“After his umpteenth final victory, Novak Djokovic spoke of love”. Djokovic “is used to making speeches, and they are often full of pathos. Last year, also in Melbourne, he talked about the tragic death of basketball player Kobe Bryant and the devastating forest fires that hit Australia in 2020.
In 2021 the arguments were easier, the pathos remained the same" But Rafael Nadal and Roger Federer from this point of view are unattainable. They have a love and a respect that he can't get. Indeed in the last year he has collected tons of attacks and criticisms, often motivated.
So he just has to compete at least for the titles. Nadal and Federe both have 20 Grand Slam titles, two more. And Djokovic really cares about it: “It's a competition between us. And as long as I'm there, I compete.
I want to break records, I want to win more Grand Slam titles than others, ”he said. Spiegel writes that champions of this level rarely admit to keeping us that way. Djokovic in two weeks will break Federer's record of 310 weeks at the top of the world rankings: "It is a great relief to have been able to achieve this," he said.
The truth is that on the pitch “Djokovic has been the best tennis player in the world for years. But it often seems that winning games and titles is not enough for him. Sometimes it seems he is also interested in being as popular as his two big competitors.
“It wasn't fair to criticize me like that. He hurt me too. But in the last few years I have acquired thick skin. None of this has any effect on my performance. This trophy is my answer to all this." Boris Becker believes that Rafael Nadal’s shock five-set defeat to Stefanos Tsitsipas at the Australian Open may have dented the Mallorcan's confidence levels for the 2021 French Open.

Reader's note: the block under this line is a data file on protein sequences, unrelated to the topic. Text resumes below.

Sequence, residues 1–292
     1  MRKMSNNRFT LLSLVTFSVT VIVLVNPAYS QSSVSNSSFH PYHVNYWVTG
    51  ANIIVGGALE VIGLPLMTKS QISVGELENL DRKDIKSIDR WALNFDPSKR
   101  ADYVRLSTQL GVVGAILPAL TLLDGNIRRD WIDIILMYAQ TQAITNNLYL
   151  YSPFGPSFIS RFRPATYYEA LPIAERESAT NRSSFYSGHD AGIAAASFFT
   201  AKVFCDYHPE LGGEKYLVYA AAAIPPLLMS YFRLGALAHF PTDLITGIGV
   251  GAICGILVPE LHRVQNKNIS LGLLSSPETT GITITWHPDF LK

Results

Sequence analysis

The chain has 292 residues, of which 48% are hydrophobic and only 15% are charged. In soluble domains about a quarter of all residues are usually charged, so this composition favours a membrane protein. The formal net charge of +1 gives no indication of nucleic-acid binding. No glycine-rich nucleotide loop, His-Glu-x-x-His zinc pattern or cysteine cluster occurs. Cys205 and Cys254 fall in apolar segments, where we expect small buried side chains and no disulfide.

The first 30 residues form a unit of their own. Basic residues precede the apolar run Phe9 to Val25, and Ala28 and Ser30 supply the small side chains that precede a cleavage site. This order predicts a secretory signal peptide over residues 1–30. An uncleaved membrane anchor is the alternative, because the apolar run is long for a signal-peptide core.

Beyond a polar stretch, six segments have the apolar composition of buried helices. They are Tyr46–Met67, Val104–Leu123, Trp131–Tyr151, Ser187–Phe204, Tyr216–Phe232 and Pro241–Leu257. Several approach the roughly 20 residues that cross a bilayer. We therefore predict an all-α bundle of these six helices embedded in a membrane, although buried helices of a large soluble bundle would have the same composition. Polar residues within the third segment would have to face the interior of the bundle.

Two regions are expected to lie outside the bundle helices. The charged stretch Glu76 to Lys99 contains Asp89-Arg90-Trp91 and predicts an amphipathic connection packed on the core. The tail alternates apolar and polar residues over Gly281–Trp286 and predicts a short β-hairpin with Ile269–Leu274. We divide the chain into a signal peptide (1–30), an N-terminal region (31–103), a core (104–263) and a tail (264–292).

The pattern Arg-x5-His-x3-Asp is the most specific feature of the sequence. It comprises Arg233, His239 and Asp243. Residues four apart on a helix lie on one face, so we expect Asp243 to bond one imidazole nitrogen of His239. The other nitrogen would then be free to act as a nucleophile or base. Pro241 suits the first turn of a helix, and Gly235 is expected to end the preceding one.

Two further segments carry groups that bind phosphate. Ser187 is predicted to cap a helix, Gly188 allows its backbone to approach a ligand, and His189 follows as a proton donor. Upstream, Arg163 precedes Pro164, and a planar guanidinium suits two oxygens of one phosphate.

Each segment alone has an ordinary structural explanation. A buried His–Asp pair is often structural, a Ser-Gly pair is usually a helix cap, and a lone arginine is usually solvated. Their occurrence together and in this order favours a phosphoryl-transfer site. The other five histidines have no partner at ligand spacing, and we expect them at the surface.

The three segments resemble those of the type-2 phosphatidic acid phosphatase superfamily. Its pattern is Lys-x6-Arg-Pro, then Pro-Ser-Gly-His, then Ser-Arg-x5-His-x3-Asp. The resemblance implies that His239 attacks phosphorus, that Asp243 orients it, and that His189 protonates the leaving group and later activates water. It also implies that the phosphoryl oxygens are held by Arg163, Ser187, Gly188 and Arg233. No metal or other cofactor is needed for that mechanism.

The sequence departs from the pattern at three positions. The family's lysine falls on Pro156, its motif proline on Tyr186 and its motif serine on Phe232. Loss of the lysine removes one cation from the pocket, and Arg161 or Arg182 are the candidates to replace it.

Becker on Rafael Nadal's defeat in Melbourne
Boris Becker claimed that Rafael Nadal looked like a spent force in the fifth set against Stefanos Tsitsipas, eventually getting outlasted by his younger opponent. The German also pointed out that Nadal’s play style requires an immense amount of physical exertion, which could come back to haunt the Spaniard.
"For the first time I can recall Rafael Nadal looked really tired in that fifth set, he was beaten physically, and the others will have seen that," Becker said. "The Spaniard’s style is so physical that it is going to take a toll.
I am actually surprised that he has played to this incredibly high level for so long." He followed that by sounding a word of caution about Nadal’s age, which he believes could be catching up to him. "While it would be foolish to bet against him for Paris, when he gets that little step slower he will not be the same player," Becker concluded.